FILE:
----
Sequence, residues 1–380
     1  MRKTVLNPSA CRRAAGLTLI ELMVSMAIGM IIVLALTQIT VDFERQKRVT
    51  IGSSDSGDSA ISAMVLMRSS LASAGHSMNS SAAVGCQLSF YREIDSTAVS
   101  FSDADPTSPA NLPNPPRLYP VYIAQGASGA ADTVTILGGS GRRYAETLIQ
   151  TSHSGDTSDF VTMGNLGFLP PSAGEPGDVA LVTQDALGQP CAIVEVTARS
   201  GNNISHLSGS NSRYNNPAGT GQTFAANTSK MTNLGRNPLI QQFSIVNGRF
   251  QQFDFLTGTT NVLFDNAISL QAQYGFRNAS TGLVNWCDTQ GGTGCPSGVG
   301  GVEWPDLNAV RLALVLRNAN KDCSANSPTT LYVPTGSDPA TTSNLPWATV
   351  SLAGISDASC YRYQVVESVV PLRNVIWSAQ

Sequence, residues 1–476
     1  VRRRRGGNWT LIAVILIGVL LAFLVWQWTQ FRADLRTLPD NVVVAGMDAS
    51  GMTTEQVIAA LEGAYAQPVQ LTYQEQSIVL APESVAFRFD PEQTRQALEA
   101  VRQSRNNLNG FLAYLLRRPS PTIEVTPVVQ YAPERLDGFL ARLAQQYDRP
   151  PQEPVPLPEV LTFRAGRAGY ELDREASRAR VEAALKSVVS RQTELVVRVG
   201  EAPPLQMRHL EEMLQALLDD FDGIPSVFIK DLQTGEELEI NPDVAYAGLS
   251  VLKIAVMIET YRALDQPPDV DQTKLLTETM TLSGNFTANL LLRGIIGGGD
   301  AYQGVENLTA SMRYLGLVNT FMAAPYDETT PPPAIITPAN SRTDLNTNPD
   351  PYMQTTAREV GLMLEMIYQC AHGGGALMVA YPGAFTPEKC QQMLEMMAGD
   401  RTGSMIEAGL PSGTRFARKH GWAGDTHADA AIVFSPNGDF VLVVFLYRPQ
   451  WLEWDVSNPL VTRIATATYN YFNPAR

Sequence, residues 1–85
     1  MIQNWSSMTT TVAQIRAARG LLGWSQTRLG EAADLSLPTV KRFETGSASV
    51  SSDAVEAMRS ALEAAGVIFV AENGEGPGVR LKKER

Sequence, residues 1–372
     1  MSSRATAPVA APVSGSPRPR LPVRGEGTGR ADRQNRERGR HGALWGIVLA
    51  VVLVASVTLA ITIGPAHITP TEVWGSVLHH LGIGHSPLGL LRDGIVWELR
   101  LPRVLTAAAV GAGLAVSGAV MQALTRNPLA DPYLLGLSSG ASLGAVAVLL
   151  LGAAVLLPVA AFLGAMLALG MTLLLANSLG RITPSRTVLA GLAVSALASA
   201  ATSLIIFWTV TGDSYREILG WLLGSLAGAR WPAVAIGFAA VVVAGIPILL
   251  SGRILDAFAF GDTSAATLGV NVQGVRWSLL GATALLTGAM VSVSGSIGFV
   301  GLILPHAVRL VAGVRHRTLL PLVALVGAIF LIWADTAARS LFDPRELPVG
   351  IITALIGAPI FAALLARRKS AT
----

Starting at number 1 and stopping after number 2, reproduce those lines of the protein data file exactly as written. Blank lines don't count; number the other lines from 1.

Sequence, residues 1–380
     1  MRKTVLNPSA CRRAAGLTLI ELMVSMAIGM IIVLALTQIT VDFERQKRVT